Last night a holiday party was held in the neighborhood where I caught up with friends I haven’t seen in a while together with others I’ve never met before.  My neighbor’s house was decorated beautifully,like a picture postcard ripped from the pages of “Better Homes and Gardens.”  Trees were lit in every room, berried wreaths were hung on colored papered walls, and reindeer pranced down snowy table runners sprinkled with Christmas colored diamonds.

As I went from room to room, “oohing and ahhing” at the most magnificent decorations, I was stopped by a middle-aged couple from down south; Baton Rouge, Louisiana to be exact.  They were visiting the host who they had known for years and years.  The gentleman had a slight drawl, the kind I caught only at the end of certain words or phrases when he spoke.  His head was thick with hair the color of salt and pepper grey, and he wore a long-sleeved red woolen shirt.  Taking my cold slender hand, he warmed it when he shook it jolly, like Santa would.

His wife was different, yet similar.  They were a nice complement to one another, I could tell.  She was dressed in festive slacks and a fuchsia silken blouse, loosely draped at the neck.  The moment she smiled her warmth radiated like I’d known her all of my life.  We shook hands politely and introduced ourselves.  Then we talked for what seemed like hours.  In fact it was.  It felt like we’d been friends for years or maybe more.

They loved my stories of writing, something they dabbled in, while I was enthralled by their tales of travel.  They could “pick up and go” whenever it fancied them so.  At one time, their eyes widened in horror listening to my snowy weekend weather report.  “Can it really be that bad?”  At the same time, they mused of “balmy blue seas, tropical temperatures, and crepe myrtle full of buzzing bees.”

When it became apparent that the party was near its end (almost everyone had left by then) we exchanged addresses, e-mails,  and promised to “stay in touch.”   The three of us said our “good-by’s,” before walking into the cold and snowy night.

For me, the party was a great success.  My neighbor’s house was a holiday card of beauty incomparable.  The food and drink were better than any restaurant could have served.  It was a pleasure to see my friends and other neighbors: to talk and laugh and have some fun.  The biggest surprise of the evening was the gift of new friends.  I learned so very much from couple I met last night.  They taught me about their culture, their love of nature and their freedom.  I felt their warmth, and their love of spirit.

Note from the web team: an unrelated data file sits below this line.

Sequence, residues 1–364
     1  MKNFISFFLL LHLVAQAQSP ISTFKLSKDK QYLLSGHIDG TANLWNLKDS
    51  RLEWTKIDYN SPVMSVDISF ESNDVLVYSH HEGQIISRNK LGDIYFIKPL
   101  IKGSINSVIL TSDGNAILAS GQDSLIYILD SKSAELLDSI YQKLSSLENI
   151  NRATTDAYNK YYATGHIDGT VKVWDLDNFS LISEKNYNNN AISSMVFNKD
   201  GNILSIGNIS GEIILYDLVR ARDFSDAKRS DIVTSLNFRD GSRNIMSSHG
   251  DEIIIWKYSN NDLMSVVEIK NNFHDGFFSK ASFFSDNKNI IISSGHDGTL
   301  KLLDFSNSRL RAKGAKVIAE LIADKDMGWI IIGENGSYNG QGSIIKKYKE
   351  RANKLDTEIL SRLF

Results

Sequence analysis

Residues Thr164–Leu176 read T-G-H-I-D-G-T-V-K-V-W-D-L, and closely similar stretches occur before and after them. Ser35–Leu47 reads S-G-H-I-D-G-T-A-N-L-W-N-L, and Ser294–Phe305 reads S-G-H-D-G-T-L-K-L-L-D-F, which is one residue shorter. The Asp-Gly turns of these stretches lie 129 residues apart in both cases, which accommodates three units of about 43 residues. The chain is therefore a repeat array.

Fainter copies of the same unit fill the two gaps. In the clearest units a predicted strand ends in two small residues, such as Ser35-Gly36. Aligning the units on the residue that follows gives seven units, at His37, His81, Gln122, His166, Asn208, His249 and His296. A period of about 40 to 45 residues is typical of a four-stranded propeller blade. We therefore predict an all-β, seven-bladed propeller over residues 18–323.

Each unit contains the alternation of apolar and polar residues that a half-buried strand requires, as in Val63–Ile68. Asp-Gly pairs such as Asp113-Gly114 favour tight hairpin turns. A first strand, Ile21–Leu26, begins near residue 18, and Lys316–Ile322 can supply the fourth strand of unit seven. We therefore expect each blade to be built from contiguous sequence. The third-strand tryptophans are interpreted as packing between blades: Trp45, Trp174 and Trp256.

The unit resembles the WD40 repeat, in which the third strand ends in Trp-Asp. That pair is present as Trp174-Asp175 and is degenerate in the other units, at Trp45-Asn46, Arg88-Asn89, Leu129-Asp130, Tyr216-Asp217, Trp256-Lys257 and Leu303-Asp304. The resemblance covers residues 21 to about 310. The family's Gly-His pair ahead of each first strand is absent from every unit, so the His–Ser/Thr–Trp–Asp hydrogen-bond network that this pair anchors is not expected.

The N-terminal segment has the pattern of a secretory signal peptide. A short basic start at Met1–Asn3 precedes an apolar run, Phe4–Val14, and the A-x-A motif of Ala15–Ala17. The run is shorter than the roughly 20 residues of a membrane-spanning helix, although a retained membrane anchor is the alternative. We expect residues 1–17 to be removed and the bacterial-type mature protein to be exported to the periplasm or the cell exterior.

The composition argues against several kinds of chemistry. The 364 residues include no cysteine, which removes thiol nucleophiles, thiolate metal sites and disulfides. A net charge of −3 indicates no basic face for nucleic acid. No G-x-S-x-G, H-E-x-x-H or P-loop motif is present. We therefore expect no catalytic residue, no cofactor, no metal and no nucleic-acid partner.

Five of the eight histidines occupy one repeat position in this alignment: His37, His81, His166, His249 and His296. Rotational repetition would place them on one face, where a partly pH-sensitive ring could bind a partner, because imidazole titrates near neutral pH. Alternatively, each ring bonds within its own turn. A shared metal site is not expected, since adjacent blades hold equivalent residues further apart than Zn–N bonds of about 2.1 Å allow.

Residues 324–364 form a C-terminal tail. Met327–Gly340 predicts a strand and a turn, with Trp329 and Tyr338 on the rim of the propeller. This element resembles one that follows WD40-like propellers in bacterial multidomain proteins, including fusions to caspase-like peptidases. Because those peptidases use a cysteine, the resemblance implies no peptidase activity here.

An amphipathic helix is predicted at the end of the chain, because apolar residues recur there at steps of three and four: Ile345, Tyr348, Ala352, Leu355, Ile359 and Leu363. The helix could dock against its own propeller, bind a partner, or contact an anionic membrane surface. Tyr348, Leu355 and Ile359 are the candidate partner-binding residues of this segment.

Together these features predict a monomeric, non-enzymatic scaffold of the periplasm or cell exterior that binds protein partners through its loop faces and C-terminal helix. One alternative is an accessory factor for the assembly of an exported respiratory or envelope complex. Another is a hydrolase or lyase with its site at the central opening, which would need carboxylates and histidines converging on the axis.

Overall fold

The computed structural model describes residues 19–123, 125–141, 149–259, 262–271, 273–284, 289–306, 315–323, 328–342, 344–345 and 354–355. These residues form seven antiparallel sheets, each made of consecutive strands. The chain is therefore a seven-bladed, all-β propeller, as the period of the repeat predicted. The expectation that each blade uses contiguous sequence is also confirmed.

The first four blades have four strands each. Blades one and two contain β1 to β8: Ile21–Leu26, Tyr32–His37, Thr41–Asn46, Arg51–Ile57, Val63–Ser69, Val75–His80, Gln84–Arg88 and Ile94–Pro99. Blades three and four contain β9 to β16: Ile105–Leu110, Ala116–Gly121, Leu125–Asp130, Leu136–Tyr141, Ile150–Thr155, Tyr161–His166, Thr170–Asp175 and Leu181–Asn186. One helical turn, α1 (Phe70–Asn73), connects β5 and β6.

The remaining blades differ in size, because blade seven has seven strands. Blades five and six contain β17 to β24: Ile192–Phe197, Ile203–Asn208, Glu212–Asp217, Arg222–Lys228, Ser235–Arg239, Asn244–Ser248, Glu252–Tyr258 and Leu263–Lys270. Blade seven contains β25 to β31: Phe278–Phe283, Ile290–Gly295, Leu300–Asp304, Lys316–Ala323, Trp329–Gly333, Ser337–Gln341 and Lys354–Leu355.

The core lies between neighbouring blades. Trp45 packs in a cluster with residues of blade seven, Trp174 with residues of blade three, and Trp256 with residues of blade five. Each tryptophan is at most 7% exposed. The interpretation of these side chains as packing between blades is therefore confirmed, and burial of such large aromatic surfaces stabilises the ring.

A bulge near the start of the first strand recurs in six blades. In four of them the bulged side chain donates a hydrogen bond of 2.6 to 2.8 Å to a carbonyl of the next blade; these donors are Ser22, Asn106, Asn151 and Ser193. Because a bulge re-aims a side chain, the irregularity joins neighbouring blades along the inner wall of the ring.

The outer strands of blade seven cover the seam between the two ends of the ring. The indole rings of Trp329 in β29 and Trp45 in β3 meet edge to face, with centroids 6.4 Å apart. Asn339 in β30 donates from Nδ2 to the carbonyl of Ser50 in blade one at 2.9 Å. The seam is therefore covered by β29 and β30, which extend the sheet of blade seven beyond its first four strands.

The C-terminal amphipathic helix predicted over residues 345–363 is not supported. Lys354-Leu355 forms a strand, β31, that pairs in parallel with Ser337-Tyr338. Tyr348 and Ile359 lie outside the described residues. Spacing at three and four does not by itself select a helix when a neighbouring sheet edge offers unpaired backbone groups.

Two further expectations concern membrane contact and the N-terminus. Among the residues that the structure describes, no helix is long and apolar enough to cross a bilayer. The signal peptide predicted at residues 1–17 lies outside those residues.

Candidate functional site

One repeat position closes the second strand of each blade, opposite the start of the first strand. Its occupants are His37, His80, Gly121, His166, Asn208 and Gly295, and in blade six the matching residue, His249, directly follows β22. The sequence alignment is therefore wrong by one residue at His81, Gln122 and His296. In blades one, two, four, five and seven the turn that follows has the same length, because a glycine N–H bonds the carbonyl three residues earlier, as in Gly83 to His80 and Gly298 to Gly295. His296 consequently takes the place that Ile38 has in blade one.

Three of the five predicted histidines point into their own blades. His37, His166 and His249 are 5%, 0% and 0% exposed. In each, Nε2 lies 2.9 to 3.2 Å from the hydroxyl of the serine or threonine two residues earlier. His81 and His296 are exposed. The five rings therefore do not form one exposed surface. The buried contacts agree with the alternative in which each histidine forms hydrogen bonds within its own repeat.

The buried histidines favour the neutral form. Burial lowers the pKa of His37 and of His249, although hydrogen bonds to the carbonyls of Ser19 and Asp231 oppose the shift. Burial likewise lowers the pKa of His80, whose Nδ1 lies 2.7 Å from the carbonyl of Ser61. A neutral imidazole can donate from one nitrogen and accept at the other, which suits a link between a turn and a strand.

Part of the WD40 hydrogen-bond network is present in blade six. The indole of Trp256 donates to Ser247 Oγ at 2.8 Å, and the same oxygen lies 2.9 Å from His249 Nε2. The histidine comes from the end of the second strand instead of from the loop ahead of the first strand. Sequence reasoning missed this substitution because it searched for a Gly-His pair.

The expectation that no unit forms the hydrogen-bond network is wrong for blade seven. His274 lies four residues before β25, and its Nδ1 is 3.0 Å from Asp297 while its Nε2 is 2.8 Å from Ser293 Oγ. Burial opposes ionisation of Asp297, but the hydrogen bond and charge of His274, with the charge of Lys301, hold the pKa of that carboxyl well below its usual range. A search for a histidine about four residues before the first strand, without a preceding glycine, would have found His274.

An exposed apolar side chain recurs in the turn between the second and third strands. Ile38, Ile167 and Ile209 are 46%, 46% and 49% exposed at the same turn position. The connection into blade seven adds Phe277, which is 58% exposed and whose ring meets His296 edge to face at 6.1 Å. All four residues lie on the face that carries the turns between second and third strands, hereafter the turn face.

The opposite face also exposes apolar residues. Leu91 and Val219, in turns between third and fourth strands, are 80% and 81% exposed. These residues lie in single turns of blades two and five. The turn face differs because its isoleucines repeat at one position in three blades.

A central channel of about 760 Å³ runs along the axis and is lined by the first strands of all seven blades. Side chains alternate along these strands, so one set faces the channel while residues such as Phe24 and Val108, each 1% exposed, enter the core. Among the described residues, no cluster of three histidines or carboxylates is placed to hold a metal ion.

This new day I have two new friends who live way down south in another state.  It is a long ride down river away from me.   Yet, I will always remember them and hopefully they will always remember me.

candle on the christmas tree

Friends From the Past, They Shall Never Know

Fallen Leaves

No Friendship is an Accident”  –O. Henry, Heart of the West

Many years have come and gone since I’ve thought of this friend of mine from long ago.  I’m not sure what triggered this morning memory.  Perhaps it was the damp, musty smell of the fallen leaves when I opened our french door this morning.  A slight rain drizzled while the cool air brushed across my face, helping to wake me for the day.

My dog, “Doodles,” ran like a tiger out to the edge of our property, chasing a white-tail deer or two.   Of course he marked his territory, something he always does in the hopes of keeping other animals at bay.  He  leaves his mark on my beloved, hydrangea bushes.  Their candy pink and cornflower blue blooms are mostly dried and spent by this time of year, long nibbled and fallen to the mulch beneath them.